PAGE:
Magazine article U.S. Catholic

Still Much to Overcome: African American History Month Is a Good Reminder to Keep Our Eyes on the Prize

Magazine article U.S. Catholic

Still Much to Overcome: African American History Month Is a Good Reminder to Keep Our Eyes on the Prize

Article excerpt

CARTER WOODSON'S LIFE READS LIKE A MADE-TO-ORDER American success story: taught to read by family members, he worked as a coal miner in West Virginia, graduated from Berea College in Kentucky in 1903, and in his spare time learned Romance languages via correspondence classes. What distinguishes Woodson's American tale from others, however, is that as a black man growing up in turn-of-the-century America, none of these achievements could have been accomplished without a remarkable degree of personal fortitude.

In 1912 he became only the second African American to earn a Harvard doctorate. In 1926, troubled by the invisibility of the black experience in history texts, Woodson began promoting Negro History Week during the second week of February (acknowledging the birthdays of Abraham Lincoln and Frederick Douglass). That effort evolved into our contemporary month of remembrance and recognition.

A social critic and visionary, Woodson, the "father of black history," was at heart a teacher. He hoped that an African American history commemoration would help build an educational foundation for the work of racial justice and restitution the nation so achingly required. If Woodson were around on this 80th celebration of African American history, he would find much has improved in race relations in the United States, but he would also find much that is sadly familiar.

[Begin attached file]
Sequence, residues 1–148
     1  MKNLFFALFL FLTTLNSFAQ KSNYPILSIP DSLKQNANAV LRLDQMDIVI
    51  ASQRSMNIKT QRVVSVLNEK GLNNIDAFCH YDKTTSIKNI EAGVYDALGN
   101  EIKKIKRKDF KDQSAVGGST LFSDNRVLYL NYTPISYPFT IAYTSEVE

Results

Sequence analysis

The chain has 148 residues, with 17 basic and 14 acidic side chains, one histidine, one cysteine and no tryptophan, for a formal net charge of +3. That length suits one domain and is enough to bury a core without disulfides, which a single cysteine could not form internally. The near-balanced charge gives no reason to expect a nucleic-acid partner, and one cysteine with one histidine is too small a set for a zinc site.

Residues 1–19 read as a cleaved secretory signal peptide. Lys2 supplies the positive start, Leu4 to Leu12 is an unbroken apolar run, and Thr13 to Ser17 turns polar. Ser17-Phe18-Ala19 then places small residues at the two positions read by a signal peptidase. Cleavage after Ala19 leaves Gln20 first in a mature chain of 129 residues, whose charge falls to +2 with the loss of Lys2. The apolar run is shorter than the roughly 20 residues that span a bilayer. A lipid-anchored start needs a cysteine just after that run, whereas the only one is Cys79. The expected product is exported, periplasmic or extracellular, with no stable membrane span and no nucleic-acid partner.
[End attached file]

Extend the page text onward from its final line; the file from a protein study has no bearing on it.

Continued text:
Integration as a general goal of American community and educational life seems to have exhausted itself. Schools are rapidly re-segregating across the nation, and gated communities are springing up in the suburbs, while many urban neighborhoods still remain "no go" zones to black would-be homeowners. Black Americans are denied mortgages and home improvement loans at twice the rate of whites.

In recent years impressive achievements in closing the economic and educational gap between white and black Americans have been shadowed by a persistent condition of poverty among African Americans and its associated social maladies. Just over 13 percent of the general population, black Americans still represent almost 25 percent of the nation's poor.

A reflection of the late-1990s boom, unemployment in the black community fell to an all-time low of 7 percent in the spring of 2000. …

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